Source: Expert Market


A merchant account lets you accept card payments online, over the phone, and at the point of sale. An Electronic Point of Sale (EPOS) system is the set of hardware and software making it simpler to take card payments from your store or restaurant. Having both empowers your business to manage your staff, keep track of your stock, and provide a more streamlined service, while never missing out on a sale.

And if you sell products online, you’ll need to make sure that millennials have all the prompts they need to follow a purchase all the way to the end. Around 70% of online shopping baskets are left high and dry. How do you combat this?

For starters, don’t make any of your users – millennials or not – need to set up an account to purchase. The quicker the process, the smoother the journey – and the less time they’ll have to renege on that impulse to buy. For this, make sure you have a capable payment gateway that offers speed for the buyer. It also needs to sit seamlessly within the look and feel of your website, and integrate with your online shopping cart system.

Millennials online shopping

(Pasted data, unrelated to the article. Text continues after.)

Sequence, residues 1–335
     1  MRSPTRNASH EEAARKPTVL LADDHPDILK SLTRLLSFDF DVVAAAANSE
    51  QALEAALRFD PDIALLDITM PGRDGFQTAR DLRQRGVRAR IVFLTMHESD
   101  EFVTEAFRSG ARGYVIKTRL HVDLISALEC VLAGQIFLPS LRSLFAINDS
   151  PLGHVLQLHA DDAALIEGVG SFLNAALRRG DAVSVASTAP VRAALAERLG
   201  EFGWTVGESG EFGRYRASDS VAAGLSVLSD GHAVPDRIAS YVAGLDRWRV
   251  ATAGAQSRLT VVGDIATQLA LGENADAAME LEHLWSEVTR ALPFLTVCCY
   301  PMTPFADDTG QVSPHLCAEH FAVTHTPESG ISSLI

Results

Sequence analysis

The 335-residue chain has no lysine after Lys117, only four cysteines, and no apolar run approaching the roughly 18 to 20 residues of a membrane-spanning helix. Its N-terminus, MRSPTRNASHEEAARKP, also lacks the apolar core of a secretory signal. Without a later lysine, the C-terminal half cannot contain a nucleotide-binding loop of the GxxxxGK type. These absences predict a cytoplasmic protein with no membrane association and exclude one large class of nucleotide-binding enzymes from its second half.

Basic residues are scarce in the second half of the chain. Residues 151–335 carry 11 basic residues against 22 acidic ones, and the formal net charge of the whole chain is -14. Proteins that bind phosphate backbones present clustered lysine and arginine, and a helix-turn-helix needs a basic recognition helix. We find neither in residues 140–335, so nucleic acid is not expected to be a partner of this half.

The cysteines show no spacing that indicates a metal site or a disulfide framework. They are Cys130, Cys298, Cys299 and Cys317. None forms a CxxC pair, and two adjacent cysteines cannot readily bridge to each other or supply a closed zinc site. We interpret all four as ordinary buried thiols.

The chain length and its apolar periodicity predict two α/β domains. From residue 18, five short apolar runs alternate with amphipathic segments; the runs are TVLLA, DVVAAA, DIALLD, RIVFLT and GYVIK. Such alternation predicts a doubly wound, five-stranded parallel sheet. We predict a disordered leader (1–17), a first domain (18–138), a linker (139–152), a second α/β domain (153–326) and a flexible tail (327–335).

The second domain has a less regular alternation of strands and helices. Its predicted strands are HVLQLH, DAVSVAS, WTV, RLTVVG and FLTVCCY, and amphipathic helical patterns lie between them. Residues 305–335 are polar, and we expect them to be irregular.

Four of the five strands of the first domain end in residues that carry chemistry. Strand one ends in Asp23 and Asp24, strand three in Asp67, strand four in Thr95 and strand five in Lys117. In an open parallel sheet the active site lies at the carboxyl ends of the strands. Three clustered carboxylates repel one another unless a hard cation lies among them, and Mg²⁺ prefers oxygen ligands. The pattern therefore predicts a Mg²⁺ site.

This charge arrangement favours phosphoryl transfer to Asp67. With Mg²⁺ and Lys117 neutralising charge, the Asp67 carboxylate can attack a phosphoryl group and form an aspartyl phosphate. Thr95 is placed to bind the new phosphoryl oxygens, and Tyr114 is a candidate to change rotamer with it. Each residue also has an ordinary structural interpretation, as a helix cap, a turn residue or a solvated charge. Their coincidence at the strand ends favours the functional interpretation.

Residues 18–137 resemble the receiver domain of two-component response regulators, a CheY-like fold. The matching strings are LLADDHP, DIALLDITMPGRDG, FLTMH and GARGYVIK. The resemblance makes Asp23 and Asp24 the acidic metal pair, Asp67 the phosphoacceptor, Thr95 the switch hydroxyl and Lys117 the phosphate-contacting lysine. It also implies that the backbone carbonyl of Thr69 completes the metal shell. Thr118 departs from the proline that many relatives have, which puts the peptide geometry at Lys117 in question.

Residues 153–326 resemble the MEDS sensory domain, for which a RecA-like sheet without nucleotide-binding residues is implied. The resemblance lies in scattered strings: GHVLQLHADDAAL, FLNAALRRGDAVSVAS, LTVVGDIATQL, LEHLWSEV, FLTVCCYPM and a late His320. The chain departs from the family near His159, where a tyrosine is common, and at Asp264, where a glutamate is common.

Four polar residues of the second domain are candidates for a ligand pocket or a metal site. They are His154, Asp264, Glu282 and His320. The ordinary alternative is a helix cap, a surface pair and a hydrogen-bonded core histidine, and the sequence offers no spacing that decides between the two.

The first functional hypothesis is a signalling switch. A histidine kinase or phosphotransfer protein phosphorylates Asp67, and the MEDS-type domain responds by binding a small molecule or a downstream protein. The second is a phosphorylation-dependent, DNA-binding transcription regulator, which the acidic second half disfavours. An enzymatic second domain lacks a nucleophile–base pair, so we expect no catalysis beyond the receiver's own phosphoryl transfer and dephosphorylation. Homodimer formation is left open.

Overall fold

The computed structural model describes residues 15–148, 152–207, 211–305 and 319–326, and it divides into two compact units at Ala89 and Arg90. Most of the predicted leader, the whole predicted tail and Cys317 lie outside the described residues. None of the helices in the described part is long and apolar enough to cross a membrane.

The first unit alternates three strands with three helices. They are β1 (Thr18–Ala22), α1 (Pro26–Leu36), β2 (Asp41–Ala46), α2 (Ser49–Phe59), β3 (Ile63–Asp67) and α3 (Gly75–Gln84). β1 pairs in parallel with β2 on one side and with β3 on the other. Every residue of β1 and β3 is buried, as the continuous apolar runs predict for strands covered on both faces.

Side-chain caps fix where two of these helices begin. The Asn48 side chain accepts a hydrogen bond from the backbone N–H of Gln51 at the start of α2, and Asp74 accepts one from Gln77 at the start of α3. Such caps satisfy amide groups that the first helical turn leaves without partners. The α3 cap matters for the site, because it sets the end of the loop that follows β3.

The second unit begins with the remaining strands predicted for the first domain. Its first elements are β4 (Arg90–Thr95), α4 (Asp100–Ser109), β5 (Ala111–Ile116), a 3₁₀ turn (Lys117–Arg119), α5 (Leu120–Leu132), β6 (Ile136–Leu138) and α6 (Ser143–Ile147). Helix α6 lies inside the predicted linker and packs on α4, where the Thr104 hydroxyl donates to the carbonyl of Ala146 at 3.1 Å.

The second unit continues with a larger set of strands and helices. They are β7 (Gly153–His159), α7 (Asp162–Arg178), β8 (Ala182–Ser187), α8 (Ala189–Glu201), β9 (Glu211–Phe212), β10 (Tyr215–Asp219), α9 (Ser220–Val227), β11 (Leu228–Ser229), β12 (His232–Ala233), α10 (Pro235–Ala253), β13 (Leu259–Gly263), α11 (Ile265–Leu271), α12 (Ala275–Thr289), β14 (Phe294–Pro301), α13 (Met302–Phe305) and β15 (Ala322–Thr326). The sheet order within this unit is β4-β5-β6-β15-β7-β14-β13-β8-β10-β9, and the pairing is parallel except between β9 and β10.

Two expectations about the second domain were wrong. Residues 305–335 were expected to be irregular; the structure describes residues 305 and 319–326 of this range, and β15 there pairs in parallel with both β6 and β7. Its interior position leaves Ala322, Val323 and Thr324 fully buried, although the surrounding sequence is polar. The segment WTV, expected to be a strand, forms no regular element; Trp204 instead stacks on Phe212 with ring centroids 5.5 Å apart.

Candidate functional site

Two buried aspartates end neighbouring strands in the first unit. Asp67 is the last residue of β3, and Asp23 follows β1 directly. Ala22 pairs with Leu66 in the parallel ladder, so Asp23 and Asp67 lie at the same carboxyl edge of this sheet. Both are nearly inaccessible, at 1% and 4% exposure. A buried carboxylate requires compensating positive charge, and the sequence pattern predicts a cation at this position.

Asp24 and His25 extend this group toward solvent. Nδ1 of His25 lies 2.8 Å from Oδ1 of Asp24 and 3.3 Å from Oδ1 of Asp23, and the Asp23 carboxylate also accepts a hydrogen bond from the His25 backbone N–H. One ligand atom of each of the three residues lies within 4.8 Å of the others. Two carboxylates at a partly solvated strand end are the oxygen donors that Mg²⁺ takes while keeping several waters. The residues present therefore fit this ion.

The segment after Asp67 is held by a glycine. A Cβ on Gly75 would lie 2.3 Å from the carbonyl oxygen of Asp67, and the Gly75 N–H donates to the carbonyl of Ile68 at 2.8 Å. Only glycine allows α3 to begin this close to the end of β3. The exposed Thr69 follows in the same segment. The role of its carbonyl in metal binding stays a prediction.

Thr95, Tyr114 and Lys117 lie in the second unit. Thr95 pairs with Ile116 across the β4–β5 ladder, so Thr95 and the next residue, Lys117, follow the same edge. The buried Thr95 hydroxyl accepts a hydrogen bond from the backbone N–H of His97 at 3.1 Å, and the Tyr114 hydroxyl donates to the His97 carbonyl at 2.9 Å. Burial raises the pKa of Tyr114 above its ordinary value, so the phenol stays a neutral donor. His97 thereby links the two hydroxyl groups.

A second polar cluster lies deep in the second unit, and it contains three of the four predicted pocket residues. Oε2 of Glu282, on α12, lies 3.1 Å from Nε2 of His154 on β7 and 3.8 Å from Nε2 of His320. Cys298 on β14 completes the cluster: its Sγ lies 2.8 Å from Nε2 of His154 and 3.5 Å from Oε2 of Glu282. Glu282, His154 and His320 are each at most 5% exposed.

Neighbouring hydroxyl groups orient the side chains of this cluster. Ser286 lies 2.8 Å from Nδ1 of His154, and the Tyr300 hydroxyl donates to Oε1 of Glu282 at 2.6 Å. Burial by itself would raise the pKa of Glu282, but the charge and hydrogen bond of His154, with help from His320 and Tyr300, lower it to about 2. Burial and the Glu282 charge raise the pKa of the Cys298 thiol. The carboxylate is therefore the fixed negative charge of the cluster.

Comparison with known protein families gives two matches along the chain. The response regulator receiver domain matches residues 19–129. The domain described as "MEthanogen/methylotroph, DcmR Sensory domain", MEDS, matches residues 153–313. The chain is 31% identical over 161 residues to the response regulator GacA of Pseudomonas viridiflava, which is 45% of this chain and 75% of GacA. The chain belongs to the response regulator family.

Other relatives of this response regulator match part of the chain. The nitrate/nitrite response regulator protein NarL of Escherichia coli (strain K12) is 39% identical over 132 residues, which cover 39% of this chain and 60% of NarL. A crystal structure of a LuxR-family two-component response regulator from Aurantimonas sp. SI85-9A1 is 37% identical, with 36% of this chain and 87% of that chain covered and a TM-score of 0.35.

A seamless online shopping experience is essential when selling to millennials


And if a purchase does get abandoned before payment, you can always send email prompts or use on-site reminders to lure your modern buyer back in. Amazon does it, and hey, it’s worked out pretty well for them, right?


Listen to them

Want to know the first rule for selling to millennials? Listen to them.

How?

Social media.

Whether you like it or not, you need to start using it. It’s a valuable resource, and one that most millennials have been using for the whole of their adult lives. And no… it’s not just a place where people post infamous tributes to their morning avocado and toast. Now more than ever, millennials are using social media to interact with businesses.

Millennials social listening

Social listening tools give you a closer look at your millennial audience